hence

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English[edit]

Etymology[edit]

A later Middle English spelling, retaining the breathy -s, of hennes, (henne + adverbial genitive ending -s), from Old English heonan (away", "hence), from a West Germanic root *hin- (compare Old Saxon hinan, Old High German hinnan, German hinnen, Dutch heen, Swedish hän); related to Old English her (here).

Pronunciation[edit]

Adverb[edit]

hence (not comparable)

  1. (archaic) from here, from this place, away
    I'm going hence, because you have insulted me.
    Get thee hence, Satan!
  2. (archaic, figuratively) from the living or from this world
    After a long battle, my poor daughter was taken hence.
  3. (archaic, of a length of time) in the future from now
    A year hence it will be forgotten.
  4. (conjunctive) as a result; therefore, for this reason
    I shall go to Japan and hence will not be here in time for the party.
    The purse is handmade and hence very expensive.
    • 1910, Sun Tzu, Lionel Giles (translator), The Art of War, Section VI: Weak Points and Strong, 8,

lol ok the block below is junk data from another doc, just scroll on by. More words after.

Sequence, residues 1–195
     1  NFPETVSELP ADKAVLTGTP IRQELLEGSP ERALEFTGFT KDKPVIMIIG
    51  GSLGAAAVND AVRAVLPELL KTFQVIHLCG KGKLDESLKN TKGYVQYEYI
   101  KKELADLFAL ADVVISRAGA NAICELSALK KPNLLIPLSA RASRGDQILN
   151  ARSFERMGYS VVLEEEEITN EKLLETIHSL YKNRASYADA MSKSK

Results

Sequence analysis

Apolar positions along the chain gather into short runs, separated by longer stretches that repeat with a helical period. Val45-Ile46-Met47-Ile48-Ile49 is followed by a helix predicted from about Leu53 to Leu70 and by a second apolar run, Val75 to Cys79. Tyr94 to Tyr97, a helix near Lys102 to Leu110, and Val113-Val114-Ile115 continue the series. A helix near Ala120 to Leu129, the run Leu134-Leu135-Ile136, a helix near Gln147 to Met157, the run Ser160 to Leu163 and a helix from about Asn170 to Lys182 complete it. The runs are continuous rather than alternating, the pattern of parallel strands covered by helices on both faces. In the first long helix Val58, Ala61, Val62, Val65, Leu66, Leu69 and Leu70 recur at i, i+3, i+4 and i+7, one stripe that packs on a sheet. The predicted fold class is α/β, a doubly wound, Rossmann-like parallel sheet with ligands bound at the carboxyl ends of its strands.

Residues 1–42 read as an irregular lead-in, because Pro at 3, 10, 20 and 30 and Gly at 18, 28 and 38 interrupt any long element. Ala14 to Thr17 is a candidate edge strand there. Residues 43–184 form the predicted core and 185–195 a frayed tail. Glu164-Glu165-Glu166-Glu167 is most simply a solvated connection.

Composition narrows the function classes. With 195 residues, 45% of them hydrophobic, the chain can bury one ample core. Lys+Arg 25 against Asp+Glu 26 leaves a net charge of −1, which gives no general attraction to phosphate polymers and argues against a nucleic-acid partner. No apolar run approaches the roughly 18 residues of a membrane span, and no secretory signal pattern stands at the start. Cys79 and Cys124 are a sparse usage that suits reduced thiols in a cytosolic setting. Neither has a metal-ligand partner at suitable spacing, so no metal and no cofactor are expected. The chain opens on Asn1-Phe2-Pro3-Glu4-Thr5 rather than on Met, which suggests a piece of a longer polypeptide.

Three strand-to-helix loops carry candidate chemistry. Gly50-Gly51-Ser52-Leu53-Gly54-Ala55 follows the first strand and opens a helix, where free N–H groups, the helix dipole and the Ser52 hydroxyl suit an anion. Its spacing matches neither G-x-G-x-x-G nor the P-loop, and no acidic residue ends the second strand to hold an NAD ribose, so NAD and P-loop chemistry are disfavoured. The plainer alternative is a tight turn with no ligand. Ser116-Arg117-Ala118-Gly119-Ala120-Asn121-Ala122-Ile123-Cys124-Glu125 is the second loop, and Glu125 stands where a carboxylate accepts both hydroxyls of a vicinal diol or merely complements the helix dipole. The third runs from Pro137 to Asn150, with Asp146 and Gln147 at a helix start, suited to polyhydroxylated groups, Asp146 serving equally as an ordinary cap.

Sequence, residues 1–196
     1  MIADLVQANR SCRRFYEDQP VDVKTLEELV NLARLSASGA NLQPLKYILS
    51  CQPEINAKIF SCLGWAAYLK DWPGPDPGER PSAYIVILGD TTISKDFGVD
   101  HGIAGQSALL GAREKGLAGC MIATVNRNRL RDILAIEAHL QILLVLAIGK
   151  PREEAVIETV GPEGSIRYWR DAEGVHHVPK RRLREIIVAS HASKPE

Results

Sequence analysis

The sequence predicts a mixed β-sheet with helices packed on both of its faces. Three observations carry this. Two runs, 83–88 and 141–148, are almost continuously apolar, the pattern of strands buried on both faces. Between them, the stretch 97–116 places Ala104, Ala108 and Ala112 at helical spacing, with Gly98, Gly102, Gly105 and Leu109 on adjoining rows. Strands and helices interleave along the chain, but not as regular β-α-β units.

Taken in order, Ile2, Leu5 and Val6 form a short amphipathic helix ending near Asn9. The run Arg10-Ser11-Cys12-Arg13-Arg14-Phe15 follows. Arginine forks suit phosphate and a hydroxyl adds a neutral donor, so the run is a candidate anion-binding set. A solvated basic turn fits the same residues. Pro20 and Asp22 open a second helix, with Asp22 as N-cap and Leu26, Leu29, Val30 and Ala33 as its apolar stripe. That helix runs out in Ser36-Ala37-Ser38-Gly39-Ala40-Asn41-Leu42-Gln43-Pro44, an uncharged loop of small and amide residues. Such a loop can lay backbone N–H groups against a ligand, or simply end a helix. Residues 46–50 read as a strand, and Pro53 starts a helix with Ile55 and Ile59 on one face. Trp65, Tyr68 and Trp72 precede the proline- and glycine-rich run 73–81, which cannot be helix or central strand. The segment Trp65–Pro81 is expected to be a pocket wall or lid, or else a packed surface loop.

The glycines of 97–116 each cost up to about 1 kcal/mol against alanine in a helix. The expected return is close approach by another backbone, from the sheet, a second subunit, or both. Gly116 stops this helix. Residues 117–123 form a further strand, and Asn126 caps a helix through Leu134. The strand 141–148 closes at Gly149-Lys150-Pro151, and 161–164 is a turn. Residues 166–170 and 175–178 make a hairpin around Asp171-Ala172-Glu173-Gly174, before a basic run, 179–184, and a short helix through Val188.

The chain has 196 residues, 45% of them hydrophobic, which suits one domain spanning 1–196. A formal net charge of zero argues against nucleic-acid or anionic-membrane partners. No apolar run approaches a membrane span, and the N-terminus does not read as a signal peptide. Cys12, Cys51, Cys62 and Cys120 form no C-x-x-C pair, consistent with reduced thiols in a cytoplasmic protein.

Hence that general is skillful in attack whose opponent does not know what to defend; and he is skillful in defense whose opponent does not know what to attack.
    • 1910, [1513], Niccolò Machiavelli, Ninian Hill Thomson (translator), The Prince, Chapter VI,
      Hence it comes that all armed Prophets have been victorious, and all unarmed Prophets have been destroyed.
    • 1731 May 27, Benjamin Franklin, Apology for Printers, published in The Pennsylvania Gazette,
      That hence arises the peculiar Unhappiness of that Business, which other Callings are no way liable to;
  5. (temporal location) from this time, from now
    The plane will leave two months hence.

Synonyms[edit]

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Translations[edit]

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Verb[edit]

hence (third-person singular simple present hences, present participle hencing, simple past and past participle henced)

  1. (obsolete) To send away.
    (Can we find and add a quotation of Sir Philip Sidney to this entry?)